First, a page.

“You have to walk a line,” says his wife and support crew member, Jenny Jurek. “Initially Scott would stop and talk to everyone who came out. But the further north we’ve come, the less time we have for that. You want to give back, but not at the expense of the record.”

After all, this may be Jurek's most personal ultra undertaking. There is no prize money at stake in Jurek’s AT record attempt. Not even a T-shirt. In fact, no governing body or sanctioned running organization maintains speed records for the Appalachian Trail. When David Horton first set the record, it barely received any media attention. Ditto for Thompson, whose only support on the trail was a buddy. No one really noticed that Pharr Davis was about to set the overall record in 2011 until the New York Times ran a story a few days before she finished.

Since then, though, the running scene has changed. Over the past five years, a new obsessions with FKTs, or fastest known times, has attracted everyone from runners and climbers to swimmers, bikers, and paddlers. Athletes pick a route and try to set the best time. And it's little surprise that a popular venue for these attempts is the Appalachian Trail. But despite many running record attempts, there isn't a set-in-stone method for running it best.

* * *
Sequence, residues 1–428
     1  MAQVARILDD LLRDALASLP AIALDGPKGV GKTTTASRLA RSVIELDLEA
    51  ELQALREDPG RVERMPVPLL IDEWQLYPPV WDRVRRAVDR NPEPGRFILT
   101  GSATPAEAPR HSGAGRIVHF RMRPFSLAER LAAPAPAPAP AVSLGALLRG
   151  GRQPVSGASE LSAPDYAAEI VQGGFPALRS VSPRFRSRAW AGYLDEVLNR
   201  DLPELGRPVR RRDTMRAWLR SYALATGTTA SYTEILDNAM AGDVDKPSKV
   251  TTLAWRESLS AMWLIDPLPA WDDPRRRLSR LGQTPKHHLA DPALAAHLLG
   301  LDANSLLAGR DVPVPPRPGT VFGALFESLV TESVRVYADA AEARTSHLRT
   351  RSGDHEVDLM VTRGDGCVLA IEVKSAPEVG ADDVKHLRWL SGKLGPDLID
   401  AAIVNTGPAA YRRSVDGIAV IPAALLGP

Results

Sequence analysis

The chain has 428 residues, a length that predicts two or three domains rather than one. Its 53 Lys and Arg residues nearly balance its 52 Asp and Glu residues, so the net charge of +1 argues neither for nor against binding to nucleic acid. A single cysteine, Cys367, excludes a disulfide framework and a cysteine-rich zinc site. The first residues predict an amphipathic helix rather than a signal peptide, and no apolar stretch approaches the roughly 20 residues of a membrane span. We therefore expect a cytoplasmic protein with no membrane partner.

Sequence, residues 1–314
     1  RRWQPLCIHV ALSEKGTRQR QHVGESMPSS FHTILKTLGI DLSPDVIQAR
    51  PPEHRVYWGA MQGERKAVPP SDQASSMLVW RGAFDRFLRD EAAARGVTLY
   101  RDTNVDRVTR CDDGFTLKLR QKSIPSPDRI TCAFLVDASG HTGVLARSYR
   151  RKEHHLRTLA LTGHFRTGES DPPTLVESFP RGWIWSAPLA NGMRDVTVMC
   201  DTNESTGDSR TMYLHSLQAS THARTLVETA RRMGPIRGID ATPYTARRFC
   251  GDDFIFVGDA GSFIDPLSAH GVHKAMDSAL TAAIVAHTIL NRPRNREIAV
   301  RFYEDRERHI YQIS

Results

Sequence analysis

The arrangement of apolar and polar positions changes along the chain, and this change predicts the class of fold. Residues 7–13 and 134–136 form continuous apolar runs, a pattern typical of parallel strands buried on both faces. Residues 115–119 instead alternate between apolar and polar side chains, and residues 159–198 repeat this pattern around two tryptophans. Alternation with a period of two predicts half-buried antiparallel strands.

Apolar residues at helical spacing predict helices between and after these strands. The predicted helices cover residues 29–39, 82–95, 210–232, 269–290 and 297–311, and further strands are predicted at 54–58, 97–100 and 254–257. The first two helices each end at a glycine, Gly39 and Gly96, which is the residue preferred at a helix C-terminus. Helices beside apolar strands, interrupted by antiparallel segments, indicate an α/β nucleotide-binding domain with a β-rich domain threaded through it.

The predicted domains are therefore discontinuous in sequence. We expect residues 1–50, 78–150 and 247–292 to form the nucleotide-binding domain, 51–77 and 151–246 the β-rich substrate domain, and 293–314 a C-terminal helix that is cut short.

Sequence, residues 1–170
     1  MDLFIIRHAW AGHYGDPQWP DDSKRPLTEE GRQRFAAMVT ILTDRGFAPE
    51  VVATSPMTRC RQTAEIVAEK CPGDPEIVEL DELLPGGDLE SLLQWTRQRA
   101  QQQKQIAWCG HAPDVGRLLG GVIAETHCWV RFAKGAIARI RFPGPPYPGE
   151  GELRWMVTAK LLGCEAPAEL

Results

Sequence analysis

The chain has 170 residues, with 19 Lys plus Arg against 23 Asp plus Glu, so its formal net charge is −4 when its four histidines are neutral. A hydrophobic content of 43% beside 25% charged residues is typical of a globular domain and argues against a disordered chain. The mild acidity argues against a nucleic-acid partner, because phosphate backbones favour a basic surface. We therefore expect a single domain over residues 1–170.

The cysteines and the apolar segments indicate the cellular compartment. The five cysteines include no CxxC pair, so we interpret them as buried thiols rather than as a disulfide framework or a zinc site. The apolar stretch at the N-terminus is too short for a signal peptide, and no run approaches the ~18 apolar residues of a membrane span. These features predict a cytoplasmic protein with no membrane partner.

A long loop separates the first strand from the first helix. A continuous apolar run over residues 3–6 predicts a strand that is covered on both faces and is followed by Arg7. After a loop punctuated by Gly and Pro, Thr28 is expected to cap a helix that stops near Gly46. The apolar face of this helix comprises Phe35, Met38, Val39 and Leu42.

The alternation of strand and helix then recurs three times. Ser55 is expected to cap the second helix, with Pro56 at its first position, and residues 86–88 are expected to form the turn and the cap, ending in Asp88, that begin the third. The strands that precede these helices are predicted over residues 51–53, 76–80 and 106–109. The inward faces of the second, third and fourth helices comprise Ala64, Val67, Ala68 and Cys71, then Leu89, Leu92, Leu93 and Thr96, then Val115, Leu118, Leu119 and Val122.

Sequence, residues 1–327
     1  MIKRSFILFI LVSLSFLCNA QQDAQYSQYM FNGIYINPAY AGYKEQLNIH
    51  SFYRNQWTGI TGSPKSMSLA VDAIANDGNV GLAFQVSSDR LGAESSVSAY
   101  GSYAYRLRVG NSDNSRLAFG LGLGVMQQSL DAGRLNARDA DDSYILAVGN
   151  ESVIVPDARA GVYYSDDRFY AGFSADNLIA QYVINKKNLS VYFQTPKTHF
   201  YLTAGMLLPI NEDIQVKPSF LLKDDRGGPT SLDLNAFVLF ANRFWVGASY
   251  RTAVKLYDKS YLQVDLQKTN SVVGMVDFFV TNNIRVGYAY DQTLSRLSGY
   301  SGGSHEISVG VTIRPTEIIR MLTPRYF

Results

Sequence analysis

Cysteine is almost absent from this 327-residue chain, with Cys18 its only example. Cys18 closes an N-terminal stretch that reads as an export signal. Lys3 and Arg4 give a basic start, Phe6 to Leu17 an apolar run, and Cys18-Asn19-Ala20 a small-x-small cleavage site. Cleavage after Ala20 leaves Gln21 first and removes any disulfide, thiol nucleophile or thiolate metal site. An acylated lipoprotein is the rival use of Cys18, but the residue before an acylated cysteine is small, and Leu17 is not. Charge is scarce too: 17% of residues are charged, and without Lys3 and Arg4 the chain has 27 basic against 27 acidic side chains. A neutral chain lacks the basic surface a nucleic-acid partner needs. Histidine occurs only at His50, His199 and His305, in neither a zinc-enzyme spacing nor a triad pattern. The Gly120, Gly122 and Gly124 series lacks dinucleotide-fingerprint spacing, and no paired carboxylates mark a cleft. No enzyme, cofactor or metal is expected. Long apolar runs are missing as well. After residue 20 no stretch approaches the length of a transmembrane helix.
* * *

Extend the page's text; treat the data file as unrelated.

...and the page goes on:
When Thompson was preparing for his Appalachian Trail record, he created a series of metrics and detailed projections for getting through the trail quickly and successfully. He made reconnaissance trips to scope out terrain and aid stops. Pharr Davis did the same. They both chose to run southbound, figuring it’d be strategic to get some of the most technical parts of the trail, like New Hampshire’s White Mountains and Maine’s formidable boulder gardens, out of the way early.